INSTRUCTOR: B. A. Martin
(Adjunct Associate Professor)
COURSE: CST112 -- Introduction to Programming CREDITS: 4 CRN: 92564 MEETINGS: Monday evenings, 6:00-9:50pm
Room H203 (Caumsett Hall, Grant Campus)
PREREQUISITE(S): MAT007 or equivalent (Required)
Recommended: Prior computing experience or CST111
CST112 and MAT107 are corequisities for students in the Information Technology curriculum.
OFFICE HOURS: After class and by appointment. EMAIL:: email@example.com DEPT. SECRETARY: 851-6770
This course introduces fundamental programming principles to beginners.
Emphasis is placed on algorithm development, structured programming techniques, flowcharting, coding, debugging and libraries.
It discusses programming concepts such as variables, conditionals, loops, functions, objects, and arrays.
Program output may include graphical elements with images, animation and visualization.
The course is designed as a place where many ideas and techniques can mix and is therefore appropriate for a wide audience that includes programmers, as well as people interested in graphical design or analytic fields (science, mathematics, economics, etc.).
-- A Beginner's Guide to Programming
Images, Animation, and Interaction"
by Daniel Schiffman
(Morgan Kaufmann Series in Computer Graphics) [Paperback];
Although computer lab time may be scheduled each week during class time, students should be aware that additional lab time outside of class will be necessary to complete the requirements of this course. Students should plan to spend an additional 3 to 6 hours per week using other computers, such as those in the Caumsett-211 computer lab.
For coding assignments, grading will be based not only on whether the code compiles correctly and performs the assigned tasks, but also upon its organization, clarity, and -- most of all -- "readability". These and other aspects of programming practices, as well as adherance to "coding standards" (to ensure testability, maintainability, etc.) will be introduced and discussed in the textbook and in class.
"Any fool can write code that a computer can understand.
Good programmers write code that humans can understand."
Remember that computer source code is not some sort of "private communication" only with the computer, kept secret from others. Instead, source code should be thought of as intended for "publication", meant for the eyes of others of humans! In a code review, colleagues often examine a "rough draft" or a "work in progress" in order to help with problems, make suggestions, etc. -- and perhaps also to learn something new.
ATTENDANCE POLICY: Attention is directed to the following statement of college policy.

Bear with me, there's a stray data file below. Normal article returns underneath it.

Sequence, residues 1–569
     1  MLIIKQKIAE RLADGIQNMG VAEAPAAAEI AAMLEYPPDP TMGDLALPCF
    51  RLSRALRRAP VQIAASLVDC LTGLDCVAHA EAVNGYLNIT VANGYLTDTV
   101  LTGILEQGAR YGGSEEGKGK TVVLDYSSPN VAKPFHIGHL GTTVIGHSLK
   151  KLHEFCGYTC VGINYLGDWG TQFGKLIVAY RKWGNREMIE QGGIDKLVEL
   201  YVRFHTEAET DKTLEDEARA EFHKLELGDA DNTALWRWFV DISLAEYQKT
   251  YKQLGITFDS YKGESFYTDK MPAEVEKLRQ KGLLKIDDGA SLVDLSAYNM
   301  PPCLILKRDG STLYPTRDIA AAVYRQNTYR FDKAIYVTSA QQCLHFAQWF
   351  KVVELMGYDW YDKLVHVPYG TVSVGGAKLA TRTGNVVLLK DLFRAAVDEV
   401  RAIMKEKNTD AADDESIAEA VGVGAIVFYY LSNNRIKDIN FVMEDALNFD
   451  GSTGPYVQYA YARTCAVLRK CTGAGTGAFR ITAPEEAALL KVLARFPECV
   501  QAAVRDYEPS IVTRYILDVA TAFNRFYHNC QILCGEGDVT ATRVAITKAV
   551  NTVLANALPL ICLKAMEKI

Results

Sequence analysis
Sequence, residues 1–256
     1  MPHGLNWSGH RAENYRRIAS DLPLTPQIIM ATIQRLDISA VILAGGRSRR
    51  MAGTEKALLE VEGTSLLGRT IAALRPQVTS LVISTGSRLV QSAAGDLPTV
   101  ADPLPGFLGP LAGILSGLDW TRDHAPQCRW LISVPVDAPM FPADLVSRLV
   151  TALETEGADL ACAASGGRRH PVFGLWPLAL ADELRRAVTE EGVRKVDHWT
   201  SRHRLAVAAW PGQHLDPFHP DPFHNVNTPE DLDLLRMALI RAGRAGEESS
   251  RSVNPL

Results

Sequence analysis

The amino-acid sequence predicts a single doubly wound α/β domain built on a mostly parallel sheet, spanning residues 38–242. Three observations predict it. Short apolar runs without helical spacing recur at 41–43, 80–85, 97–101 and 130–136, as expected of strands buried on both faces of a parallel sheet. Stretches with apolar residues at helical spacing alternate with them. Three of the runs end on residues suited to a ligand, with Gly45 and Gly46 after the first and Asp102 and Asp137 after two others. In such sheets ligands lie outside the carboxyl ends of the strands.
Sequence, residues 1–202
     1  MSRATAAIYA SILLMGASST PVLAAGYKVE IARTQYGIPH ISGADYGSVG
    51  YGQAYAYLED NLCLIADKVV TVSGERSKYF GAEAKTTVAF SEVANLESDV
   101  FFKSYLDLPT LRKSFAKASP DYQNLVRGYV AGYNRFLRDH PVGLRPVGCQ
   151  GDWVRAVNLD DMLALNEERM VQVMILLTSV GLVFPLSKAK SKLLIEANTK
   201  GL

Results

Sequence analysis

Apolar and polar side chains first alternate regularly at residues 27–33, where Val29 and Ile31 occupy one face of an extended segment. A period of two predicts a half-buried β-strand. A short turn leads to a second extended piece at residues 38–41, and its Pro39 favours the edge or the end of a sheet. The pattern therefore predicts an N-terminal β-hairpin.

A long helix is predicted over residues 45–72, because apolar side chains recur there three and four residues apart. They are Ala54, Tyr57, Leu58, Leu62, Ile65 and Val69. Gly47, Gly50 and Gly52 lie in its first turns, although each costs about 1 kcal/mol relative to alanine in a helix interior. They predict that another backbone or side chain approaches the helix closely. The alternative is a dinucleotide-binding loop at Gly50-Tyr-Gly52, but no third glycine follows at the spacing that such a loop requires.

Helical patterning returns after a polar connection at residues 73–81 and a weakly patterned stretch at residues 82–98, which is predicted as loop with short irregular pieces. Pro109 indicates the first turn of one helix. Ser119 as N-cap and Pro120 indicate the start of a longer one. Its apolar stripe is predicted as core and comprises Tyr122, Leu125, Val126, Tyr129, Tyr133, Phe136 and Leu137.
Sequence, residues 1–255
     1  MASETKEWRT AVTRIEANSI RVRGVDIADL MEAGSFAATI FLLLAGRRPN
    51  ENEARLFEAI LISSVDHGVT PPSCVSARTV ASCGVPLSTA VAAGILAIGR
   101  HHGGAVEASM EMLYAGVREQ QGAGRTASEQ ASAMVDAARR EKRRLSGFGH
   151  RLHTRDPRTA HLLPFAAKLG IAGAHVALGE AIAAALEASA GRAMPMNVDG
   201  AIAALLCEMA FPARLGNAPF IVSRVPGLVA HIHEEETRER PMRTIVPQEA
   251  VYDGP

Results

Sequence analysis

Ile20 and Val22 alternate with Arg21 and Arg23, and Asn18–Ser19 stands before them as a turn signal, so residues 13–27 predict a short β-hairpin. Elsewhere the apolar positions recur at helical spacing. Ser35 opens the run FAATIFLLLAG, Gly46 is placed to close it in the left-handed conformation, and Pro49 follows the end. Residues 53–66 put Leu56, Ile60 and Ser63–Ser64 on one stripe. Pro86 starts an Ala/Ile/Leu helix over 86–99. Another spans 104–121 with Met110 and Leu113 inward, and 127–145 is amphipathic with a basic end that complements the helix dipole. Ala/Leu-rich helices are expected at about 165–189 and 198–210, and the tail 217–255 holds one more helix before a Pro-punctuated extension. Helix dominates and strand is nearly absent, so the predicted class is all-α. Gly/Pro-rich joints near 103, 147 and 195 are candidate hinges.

Consequently, each student in this course is strongly advised to make standing arrangements with another individual student to take detailed notes, collect handouts, relay announcements, etc., in the event 'e doesn't show up at class. While you are encouraged to contact the instructor for advice before (or after) missing a class, it is more effective to have your "buddy" take detailed notes, and the student remains responsible for "all that transpires in class".
Find a "buddy" to cover for you!
Do it now, not after missing a class.
This instructor does not give credit for mere attendance, nor is credit lost for absence. Attendance is not a direct factor in grading policy, but it may indirectly affect the "participation" component.
College policy defines "Excessive Absence or Lateness" as "more than the equivalent of one week of class meetings". While attendance is not a component of grading policy for this class, a student missing more than one week of consecutive classes - without making any contact with the instructor - may be removed from the class roster and given either a "W" or an "F" grade, at the instuctor's option.
SCCC STUDENT CODE OF CONDUCT
... Although not all-inclusive, the following actions, activities or behaviors are expressly prohibited:
Any student guilty of the above may receive a failing grade in that class, be dismissed from class and/or be referred to the Dean of Students for further discipline proceedings.
Also, please note: In-class laboratory time is NOT intended for computer activites unrelated to the college curriculum (such as games, entertainment, "instant messager", "surfing the web", etc.) Use of classroom computers for unrelated activities may result in loss of privileges.